From Magic to Microscope
Head, Epilepsy, Peony, Aries
Diagram showing the correspondence between human body, medicinal plants with signatures, and constellations. Athanasius Kircher, Ars Magna Lucis Et Umbrae (Amsterdam, 1671). First edition 1646. Image from Smithsonian Libraries, Public Domain.
In Kircher’s diagram of signatures, peony (Latin: paeonia) was listed among the plants that correspond to the head, and cure brain diseases such as epilepsy. The head is governed by the constellation Aries, so peony is also a plant of Aries. Fabricius also drew a human head beside a peony flower in the illustrations of his thesis, quoting chymist Oswald Croll’s words that peony flowers look like the head, and could cure epilepsy.
However, using peony to cure epilepsy was not only a theory based on astrological correspondence or visual resemblance, but also a remedy that has long been used by people, and verified by experience ever before the doctrine of signatures.
As herbalist Nicholas Culpeper said:
‘The Root of the Male Peony fresh gathered, hath been found **by experience** to cure the Falling-sickness (epilepsy); but the surest way is to take the Root of the Male Peony washed clean and stamped somewhat small, and lay to infuse in Sack for twenty four hours at the least, after strain it, and take it first and last, morning and evening’.
— Nicholas Culpeper, English Physician, 1652
In early modern Europe, we can find many recipes for epilepsy in which peony is the main ingredient. Like this:
“Treacle-water for the head, helping all paines of the same, proper for the Apoplexie, Epilepsie, Palsey, and such like.”
Take of the rootes of Peony, of Misselto, of common Acorns or Cane, of each three ounces. Of ripe Iunipar berryes, and of the seeds of Peony, of each, one ounce… and infuse them by the space of 3. dayes, by the heat of a hote Balne, in white wine of the best, 2. pound: and with the waters of Peony, Sage, and of Mary-goldes, of each one pound.
— Joseph Duchesne, Chymical and Hermetical Physick, 1605
Image of peony flower, Public Domain.
In Treatise on the external signatures of simples (1603), Joseph Duchesne described the process of confirming a signature of herbs as a two-step verification, both by observation of resemblance and by experience.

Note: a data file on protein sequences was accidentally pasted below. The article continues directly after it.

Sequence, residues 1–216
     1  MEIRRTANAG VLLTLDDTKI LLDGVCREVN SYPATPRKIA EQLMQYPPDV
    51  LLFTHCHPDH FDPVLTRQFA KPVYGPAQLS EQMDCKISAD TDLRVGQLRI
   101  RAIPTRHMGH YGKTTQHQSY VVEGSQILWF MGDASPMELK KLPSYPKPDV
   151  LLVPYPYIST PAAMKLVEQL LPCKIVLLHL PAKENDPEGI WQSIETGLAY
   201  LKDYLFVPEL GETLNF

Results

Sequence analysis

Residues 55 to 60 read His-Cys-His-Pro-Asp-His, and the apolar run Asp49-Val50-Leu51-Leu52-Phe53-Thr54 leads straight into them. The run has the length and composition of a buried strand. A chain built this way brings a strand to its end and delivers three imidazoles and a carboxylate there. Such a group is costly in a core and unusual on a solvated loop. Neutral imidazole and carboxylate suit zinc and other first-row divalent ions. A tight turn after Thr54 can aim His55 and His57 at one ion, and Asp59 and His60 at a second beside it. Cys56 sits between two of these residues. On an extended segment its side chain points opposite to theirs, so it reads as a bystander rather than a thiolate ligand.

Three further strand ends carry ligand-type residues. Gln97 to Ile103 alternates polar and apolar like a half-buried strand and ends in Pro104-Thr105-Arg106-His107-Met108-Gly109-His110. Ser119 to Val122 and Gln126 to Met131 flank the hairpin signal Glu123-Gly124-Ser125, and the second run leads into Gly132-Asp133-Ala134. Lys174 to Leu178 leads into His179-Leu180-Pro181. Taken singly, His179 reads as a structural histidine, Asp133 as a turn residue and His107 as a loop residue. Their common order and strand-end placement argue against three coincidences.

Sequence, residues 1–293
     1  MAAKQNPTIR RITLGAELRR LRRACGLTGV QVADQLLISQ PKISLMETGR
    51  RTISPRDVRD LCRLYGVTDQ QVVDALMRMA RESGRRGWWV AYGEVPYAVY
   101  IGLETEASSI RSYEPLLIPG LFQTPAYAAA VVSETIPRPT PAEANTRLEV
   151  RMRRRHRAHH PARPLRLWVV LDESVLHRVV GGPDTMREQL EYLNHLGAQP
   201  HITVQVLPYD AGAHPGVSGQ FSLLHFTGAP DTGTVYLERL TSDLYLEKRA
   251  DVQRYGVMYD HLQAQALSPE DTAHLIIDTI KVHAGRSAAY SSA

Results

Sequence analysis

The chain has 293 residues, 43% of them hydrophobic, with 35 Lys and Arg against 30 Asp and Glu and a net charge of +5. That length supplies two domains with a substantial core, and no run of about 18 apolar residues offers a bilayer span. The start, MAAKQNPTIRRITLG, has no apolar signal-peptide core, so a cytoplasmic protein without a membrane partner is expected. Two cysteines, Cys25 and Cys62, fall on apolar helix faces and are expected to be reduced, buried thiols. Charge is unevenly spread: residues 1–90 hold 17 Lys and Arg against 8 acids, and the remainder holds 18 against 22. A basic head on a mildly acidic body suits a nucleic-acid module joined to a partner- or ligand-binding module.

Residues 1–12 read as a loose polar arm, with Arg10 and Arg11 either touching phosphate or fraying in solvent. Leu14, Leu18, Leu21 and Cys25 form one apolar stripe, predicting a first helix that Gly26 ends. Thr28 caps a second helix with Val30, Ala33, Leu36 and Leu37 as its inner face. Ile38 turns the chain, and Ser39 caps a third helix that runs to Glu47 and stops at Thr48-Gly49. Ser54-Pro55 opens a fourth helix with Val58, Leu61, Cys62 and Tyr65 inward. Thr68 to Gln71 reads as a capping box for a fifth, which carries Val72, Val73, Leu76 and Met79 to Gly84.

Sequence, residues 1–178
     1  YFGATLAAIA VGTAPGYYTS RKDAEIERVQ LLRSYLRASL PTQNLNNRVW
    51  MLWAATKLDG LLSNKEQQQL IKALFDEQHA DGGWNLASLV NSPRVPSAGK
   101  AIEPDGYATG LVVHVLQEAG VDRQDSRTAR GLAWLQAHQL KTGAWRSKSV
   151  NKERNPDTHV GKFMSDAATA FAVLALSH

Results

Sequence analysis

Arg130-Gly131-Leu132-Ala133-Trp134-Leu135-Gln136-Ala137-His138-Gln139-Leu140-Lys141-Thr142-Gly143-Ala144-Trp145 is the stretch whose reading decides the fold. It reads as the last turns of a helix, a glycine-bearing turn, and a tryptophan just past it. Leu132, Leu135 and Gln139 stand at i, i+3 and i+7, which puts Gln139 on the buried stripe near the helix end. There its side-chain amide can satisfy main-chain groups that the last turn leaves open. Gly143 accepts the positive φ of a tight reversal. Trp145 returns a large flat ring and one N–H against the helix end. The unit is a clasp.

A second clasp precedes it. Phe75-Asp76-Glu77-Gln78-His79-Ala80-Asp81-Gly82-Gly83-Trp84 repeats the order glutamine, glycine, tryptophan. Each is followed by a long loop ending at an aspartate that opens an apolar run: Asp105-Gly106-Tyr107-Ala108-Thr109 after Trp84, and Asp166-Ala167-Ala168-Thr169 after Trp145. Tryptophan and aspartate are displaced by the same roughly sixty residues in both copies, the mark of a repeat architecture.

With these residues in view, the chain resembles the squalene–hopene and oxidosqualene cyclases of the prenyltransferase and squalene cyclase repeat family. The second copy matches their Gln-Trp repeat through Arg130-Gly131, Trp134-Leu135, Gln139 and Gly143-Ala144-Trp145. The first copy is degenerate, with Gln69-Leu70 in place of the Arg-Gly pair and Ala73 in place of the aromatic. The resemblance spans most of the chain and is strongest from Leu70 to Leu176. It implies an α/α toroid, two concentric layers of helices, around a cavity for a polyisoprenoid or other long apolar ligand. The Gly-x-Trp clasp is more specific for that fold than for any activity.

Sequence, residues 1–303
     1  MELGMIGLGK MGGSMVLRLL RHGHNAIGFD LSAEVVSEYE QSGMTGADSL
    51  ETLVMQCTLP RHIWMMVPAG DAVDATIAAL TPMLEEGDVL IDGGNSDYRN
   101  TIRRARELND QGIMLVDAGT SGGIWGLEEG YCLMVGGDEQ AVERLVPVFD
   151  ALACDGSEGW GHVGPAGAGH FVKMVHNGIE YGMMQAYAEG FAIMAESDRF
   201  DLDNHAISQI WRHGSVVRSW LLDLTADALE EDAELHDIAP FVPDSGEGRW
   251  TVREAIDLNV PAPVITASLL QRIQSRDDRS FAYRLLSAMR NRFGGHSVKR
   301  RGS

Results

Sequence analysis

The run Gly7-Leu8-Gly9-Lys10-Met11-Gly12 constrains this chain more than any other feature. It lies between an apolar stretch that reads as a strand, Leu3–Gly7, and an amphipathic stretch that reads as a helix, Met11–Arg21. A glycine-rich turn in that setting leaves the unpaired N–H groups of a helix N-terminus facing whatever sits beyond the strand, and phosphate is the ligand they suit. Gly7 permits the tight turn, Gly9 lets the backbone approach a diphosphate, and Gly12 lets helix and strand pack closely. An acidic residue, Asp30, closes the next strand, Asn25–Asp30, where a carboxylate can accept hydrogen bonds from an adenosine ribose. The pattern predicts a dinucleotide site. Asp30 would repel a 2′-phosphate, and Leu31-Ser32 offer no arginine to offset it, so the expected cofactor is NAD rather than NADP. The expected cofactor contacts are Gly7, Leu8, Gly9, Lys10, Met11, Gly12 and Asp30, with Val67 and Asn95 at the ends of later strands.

‘We wished to expose to the eyes of the reader, what has impelled both ancient and modern philosophers and physicians of great name, to the thorough investigation of these signatures: When they saw something that bore resemblance to the parts of our body, they suddenly conjectured by observation the resemblance of things; then as said, having confirmed that very matter by experience, their opinion that was only conjectural, became certain & indubitable’.
Signatures provided a convenient method for physicians to systematise traditional remedies and popularise useful medicinal plants. One example is the elder, whose flowers, berries and trunks were all popular medicinal ingredients in early modern England. According to physician Martin Blochwich’s Anatomy of the Elder, the elder tree has three signatures: its spotted flowers have the signature of face pimples, against which one can use a decoction of elderflowers; the yellowness of its middle bark is the signature for yellow bile, suggesting its effect for yellow jaundice; and the soft and malleable part inside the bark has the signature of dropsy.
As London physician Richard Bunworth said:
‘(The doctrine of signatures) brings private remedies of specific medicaments, into the common theatre of Physick’.
— Richard Bunworth, Homotropia Naturæ, or, The Uniformity of Nature’s Motion. A Physical Discourse, Exhibiting the Cure of Diseases by Signature (London, 1656).